Shawn sent this one over; Thais make bulletproof vests out of old xrays.
Well, another year of blogging is set to pass, what does that make, five or six? Six. Definitely my most prodigious effort yet from a sheer numbers standpoint but most of the time I was in a groove and it never really felt too stale. Think that I did some decent work. Managed to make a living on the side, pay my bills and take a vacation, which is pretty much my immediate bucket list. Thanks to one and all for gracing me with your attention and cyber presence.
692,762 pageviews, at this rate it will be 2015 sometime before I break a million. Which is fine, I don't need a big audience, gets a bit stifling.
Edward Snowden is the Blast man of the year. If it hadn't been Snowden there would have been another Snowden with a different name. You can't amass all this private information on everybody on the planet and not expect the truth to get out and the information to be abused. It is a database rife with the potential for abuse.
Just because this administration thinks that it is being ethical and respectful of civil liberties concerns doesn't mean the next one will. I think that most Americans think that enough is enough. We don't trust government enough to cede it this kind of power and we never did.
Ex NSA Director Michael Hayden says that Snowden is a treasonous traitor. Well, that is what I think of Hayden. People that don't respect the fourth amendment are traitors to this country as well.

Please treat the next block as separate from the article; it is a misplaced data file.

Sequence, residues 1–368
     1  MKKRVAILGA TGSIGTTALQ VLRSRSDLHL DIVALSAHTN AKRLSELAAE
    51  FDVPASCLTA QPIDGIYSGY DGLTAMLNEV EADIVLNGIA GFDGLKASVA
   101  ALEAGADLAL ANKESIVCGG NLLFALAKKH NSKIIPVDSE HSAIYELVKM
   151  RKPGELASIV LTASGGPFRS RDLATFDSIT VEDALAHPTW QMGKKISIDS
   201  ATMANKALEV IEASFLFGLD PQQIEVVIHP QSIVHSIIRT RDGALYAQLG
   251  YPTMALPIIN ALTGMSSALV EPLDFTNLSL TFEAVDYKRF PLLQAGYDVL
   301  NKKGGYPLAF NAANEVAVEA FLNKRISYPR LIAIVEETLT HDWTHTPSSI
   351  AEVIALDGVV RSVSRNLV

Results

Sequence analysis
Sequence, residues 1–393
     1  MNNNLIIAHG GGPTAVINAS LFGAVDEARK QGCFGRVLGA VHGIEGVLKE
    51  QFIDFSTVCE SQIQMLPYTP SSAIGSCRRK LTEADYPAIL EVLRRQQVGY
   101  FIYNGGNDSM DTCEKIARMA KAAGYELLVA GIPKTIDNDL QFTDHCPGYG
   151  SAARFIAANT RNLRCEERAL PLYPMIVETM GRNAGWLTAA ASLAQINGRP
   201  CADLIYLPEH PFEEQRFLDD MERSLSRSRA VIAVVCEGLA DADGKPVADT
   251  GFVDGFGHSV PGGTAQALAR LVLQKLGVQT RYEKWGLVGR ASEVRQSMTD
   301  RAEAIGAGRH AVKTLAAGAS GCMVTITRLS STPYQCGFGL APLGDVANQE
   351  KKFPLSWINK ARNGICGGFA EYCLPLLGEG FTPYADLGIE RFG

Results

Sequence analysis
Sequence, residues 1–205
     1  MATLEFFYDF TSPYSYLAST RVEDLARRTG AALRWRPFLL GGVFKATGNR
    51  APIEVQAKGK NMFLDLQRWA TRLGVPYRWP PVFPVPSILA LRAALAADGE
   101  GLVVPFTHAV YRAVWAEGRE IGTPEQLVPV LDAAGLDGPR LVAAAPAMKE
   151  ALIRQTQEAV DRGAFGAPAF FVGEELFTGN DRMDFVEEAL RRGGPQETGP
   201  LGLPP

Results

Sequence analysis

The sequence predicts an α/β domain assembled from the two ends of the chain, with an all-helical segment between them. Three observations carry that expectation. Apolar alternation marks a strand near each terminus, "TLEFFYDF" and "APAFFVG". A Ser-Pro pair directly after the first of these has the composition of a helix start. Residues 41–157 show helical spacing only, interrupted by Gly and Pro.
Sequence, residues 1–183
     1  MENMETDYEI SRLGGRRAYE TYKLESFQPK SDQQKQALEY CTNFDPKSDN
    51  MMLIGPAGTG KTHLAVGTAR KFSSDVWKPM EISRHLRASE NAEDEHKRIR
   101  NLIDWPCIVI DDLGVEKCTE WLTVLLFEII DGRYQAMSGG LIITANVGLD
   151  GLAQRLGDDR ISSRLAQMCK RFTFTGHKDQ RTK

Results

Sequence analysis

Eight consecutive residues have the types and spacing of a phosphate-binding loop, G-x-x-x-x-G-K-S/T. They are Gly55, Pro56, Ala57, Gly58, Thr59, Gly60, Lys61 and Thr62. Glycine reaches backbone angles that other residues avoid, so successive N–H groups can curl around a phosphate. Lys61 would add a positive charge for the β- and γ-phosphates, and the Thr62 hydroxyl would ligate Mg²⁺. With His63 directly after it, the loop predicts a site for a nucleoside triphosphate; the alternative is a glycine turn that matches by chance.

Was reading about the concept of "hops" this morning.
We can talk more about this stuff next year.
I am reading Meacham's biography of my favorite American, Thomas Jefferson, The Art of Power. Meacham wrote the Jackson biography that I really liked, I like this portrait less so. He does his best from the outset to paint Jefferson as a promiscuous womanizer, tries to unmask the statesman's every possible flaw. I heartily accept that our late President was a mortal and not a god but Meacham goes out of his way...
This is the least satisfactory book on Jefferson I have ever read. Having said that there are definitely some pearls here and if you are a student of American history you might want to give it a read. He explains that our revolution was actually started by the rich and that they took their clue from events that happened in England a century prior.
Interesting how the British fought for emancipation as a way to start a slave insurrection and hurt the republic, while simultaneously entreating with the local indians to do battle with the nascent americans. I definitely learned some things reading this book.
Meacham has a rather plodding writing style, definitely lacks the prosaic gifts of his contemporaries Goodwin or McCullough. Worth a look anyway.